Weighing in at 11 ounces, the Babolat Pure Drive is light enough for beginner through advanced players. However, if that seems like too much, you can try the Babolat Pure Drive Lite (10.1 ounces) or the Pure Drive Team (10.6 ounces).
Not only that but this racquet is designed for all-around play. Those who are aggressive baseliners are going to get just as much power and control as someone who hugs the net. You can take those big swings or get a precision shot without any issue. The Pure Drive also delivers amazing spin with groundstrokes.
- Excellent power and spin
- Color is aesthetically pleasing
- Decent sized head
- Unforgiving if you don’t hit the sweet spot
2. HEAD Graphene 360 Speed Pro
HEAD has a wonderful line-up, and the Graphene 360 Speed Pro racquet is no different. The Speed line is designed for players who love to move around the court, as well as a balance of control and power.
The head size of the Graphene 360 Speed Pro is 100 square inches; it also has an 18×20 string pattern, a stiffness rating of 62, and a swing weight of 317. Although the strings are a bit dense, HEAD left enough space to provide more control without nixing power.
The racquet is a bit heavy in the beginning, but once you get the feel of it, you will be serving with more precision and power. The Graphene 360 Speed Pro also has above-average potential for spin, even with the 18×20 version. For volleying, this racquet is also amazing, particularly when performing drop volleys.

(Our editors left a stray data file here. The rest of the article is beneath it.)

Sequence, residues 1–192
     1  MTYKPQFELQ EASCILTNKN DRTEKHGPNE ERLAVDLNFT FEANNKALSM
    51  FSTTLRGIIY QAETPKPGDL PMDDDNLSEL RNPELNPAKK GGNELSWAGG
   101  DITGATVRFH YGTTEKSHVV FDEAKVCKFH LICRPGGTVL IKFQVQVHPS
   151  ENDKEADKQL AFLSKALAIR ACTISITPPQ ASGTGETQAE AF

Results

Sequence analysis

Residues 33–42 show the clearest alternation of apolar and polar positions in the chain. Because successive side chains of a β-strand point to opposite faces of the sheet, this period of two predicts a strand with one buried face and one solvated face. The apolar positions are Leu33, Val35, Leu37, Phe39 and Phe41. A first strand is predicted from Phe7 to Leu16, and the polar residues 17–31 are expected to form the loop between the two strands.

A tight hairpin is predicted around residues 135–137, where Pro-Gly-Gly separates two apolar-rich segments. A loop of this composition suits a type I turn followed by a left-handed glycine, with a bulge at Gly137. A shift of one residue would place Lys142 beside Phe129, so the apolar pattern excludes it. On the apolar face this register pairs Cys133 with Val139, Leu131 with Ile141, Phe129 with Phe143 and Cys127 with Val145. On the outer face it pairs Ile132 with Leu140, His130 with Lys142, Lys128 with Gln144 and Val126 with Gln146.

No wonder this racquet is used by greats like Ashleigh Barty, Jannik Sinner, Novak Djokovic, and Nikoloz Basilashvili.
- Outstanding control
- Provides high-precision groundstrokes
- Designed for defensive players
- Excellent with drop volleys
3. Babolat Pure Aero
When you want to play the baseline consistently, choose the Babolat Pure Aero racquet. Endorsed by Johanna Konta, the Pure Aero is made for spin, power, and control. This racquet is known for generating maximum velocity with every single hit, thanks to the open 16×19 string pattern.
The latest version of the Babolat Pure Aero is also less stiff than former models, providing adequate comfort throughout your match. Plus, even with the more flexible frame, this racquet delivers excellent power.